Stated another way, by including the additional R P pulse occurring at the short interval following each four pulses recurring at the longer interval, the total storage delay of the memory 23 is shortened or decremented by the product of (T MC) and (M), which represents the time-quantized length of the memory for one pass therethrough. Further, because the data was loaded into memory 23 in a manner resulting in the apparent forward precession of data relative to the L P pulses, the data is correctly ordered for this sequence of R P pulses. Each successive sequence of five R P pulses operates to decrement the total storage delay by the time-quantized length of memory 23. Repetition of this five R P pulse sequence M-1 times (i.e. 999 times) operates to decrement the total storage delay of a word circulating in memory 23 from a maximum (1000 times the time-quantized length of the memory) to a minimum (the singular time-quantized length of the memory). As mentioned, the time-quantized length of the memory 23 refers to the product of master clock period T MC and the number of shift register stages in a single pass of data through memory 23, and the total storage delay experienced by a word in memory 23 is determined by the product of the time-quantized length of memory 23 and the number of passes therethrough.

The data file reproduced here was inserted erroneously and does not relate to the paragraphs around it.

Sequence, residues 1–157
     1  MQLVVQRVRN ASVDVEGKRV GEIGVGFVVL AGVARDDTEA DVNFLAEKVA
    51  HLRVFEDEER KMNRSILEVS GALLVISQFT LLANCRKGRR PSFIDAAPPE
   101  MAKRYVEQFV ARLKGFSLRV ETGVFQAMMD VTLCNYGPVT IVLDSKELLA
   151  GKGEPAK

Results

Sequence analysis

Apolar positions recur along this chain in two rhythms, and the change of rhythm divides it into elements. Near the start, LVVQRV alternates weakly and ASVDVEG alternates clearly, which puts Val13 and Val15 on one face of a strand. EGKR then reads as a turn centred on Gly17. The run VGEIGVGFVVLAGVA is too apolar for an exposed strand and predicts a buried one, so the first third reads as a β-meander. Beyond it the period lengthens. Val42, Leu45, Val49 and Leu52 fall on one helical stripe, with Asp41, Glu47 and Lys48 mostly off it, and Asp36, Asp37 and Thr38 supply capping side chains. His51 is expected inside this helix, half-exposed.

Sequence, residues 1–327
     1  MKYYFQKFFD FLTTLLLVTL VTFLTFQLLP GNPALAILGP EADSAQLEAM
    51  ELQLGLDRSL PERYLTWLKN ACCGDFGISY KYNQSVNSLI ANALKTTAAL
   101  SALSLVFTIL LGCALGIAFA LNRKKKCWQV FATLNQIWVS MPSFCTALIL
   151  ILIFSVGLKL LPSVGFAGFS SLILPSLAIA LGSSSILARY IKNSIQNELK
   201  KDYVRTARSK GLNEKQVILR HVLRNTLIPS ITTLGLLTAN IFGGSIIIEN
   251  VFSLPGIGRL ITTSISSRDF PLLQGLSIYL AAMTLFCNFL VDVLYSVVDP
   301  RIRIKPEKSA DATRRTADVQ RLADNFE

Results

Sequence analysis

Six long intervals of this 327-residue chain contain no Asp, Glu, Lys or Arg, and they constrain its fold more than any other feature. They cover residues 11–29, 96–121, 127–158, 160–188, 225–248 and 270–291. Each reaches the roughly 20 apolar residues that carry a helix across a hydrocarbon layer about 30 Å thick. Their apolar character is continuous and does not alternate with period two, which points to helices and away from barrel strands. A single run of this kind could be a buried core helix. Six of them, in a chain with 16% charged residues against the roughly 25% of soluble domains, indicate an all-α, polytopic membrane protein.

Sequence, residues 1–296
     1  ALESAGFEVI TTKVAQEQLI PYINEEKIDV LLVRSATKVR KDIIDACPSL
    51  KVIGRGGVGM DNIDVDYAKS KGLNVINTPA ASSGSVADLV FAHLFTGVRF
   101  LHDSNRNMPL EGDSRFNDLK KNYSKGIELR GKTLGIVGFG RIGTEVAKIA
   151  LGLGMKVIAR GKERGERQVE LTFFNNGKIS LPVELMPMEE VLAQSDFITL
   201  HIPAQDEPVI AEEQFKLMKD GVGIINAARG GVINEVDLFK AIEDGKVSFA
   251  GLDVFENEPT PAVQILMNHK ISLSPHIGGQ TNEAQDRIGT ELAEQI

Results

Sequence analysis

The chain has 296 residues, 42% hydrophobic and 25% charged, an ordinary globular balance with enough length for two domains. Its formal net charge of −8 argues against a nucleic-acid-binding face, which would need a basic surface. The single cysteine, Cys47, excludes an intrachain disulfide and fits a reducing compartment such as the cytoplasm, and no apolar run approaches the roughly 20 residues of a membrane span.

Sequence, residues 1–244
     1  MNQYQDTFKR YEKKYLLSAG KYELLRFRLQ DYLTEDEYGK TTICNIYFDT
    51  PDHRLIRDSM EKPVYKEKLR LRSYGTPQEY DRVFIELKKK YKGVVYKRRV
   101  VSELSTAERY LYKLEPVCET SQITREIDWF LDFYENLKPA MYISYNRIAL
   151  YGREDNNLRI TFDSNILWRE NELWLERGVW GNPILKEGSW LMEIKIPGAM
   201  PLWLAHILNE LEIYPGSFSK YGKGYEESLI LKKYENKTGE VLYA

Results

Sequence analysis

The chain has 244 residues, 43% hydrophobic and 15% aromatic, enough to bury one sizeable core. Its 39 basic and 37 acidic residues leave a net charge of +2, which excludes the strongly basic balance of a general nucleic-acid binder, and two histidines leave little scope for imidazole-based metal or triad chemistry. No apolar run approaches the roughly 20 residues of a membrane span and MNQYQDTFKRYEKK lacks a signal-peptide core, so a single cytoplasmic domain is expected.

Each successive data word is entered in memory 23 at the interval of the respective entry control pulses L P (i.e. [M + 1] [T MC]) and the first four R P pulses in the trace phase recur at the same interval (as L P) such that the full storage delay length of the memory from stage 1 to stage M is used before each of the respective four data words is read out to latch 25; however, the rapidly following fifth R P pulse creates the appearance that the M-1th stage of the shift register is being read out, even though it occurs at the Mth stage, having the effect of advancing the read out of that associated data word by the time-quantized length of memory 23 and shifting the reference from which the next four data bytes appear to occur from the Mth stage to the M-1th stage.